Primate #32104 was born on March 10th, 2000. He lives for 7¼ years, undergoing over 30 cage moves. In August of 2002, one of his fingers is bitten severely enough to require stitches. In October of 2002, one of his toes is amputated after being bitten. In November of 2002, he suffers from multiple bite wounds to both a finger and his tail which result in amputations. In May of 2003, his tail again has a traumatic injury, requiring amputation. By October of 2003, a finger has also been injured severely enough to require amputation. In January of 2004, his left leg is lacerated and his right ankle has been bitten. In June of 2004, a toe is amputated after a bite wound. In October of 2004, his tail is again injured requiring amputation. In October of 2005, as part of an experiment, his skull is cut open in two places and the membrane which surrounds the brain is cut.

Ibotenic acid is injected into his brain. Eighteen months later he is killed.
Many other primates have similar life histories. Primate 32235 lived for seven years and endured four amputations, a laceration, traumatic injuries, and bite wounds that involved the tail, finger, elbow, and toe. Primate 28951 endured four amputations and three bite wounds involving the tail, face, and toe.

These are the reactions of 400 minds not unlike our own to severely abnormal conditions. In the 1500 pages of clinical records, trauma is documented 403 times and amputation 143 times, along with 387 wounds, 221 bites, 70 abrasions, 171 lacerations, and 40 fractures.

The high levels of stress have many consequences other than overtly self-destructive or aggressive behavior. In many of these animals, severe and ongoing conditions of gastro-intestinal inflammation exist, such as enteritis and colitis. In fact, the word colitis is mentioned 117 times in approximately 400 pages of post-mortem reports. Rampant stress and disease lead to other dire consequences.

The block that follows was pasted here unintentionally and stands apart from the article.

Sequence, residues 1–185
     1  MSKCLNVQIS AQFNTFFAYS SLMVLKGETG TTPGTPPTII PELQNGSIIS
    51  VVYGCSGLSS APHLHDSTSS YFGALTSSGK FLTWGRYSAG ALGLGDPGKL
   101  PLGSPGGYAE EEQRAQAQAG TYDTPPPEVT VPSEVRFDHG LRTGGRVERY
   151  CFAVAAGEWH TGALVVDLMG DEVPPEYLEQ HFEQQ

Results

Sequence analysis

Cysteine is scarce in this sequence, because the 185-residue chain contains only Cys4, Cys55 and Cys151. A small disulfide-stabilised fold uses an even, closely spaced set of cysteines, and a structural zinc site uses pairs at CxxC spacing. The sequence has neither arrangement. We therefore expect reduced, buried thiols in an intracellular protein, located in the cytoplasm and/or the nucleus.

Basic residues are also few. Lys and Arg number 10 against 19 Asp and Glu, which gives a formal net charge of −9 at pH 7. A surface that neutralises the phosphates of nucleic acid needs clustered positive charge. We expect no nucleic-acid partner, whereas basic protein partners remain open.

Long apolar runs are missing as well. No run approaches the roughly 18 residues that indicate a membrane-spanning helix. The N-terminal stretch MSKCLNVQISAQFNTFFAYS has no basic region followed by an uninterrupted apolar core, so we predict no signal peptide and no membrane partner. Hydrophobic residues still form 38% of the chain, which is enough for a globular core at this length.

These same 400 pages of death records use the word inanition (a bodily condition which resembles starvation) 108 times and dehydration 91 times.
In this same group, the females gave birth to 705 live offspring, another 244 were stillborn, an infant death rate of almost 26% which can be attributed to maternal stress and poor health.

The existences of these 400 or so intelligent sensitive animals are summarized in injuries, illnesses, and deaths. All living things end in death, this is unavoidable. But it almost seems as though these monkeys were trying to hasten their deaths.
Their injuries, whether self-inflicted or as violence practiced on each other, have the appearance of either attempted suicide or violence induced by madness. And when conscious efforts at death were unsuccessful, their bodies self-destructed.

It has been said that madness is a sane response to an insane situation. As a species, human beings practice insanity on each other regularly. As “scientists” we practice it on many other species. We use them as tools, apparatus, and experimental subjects. We take their freedom, their sanity, and eventually their lives. We change them from beings that have lives to something different. They become nothing more than information -- just data, only numbers. 

Please contact the Chancellor of UC Davis to protest the ongoing animal abuse at this facility.

Chancellor Larry Vanderhoef
Mrak Hall, Fifth Floor
University of California, Davis
One Shields Ave
Davis, CA 95616

(530) 752-2065 (530) 752-2400 (fax)
lnvanderhoef@ucdavis.edu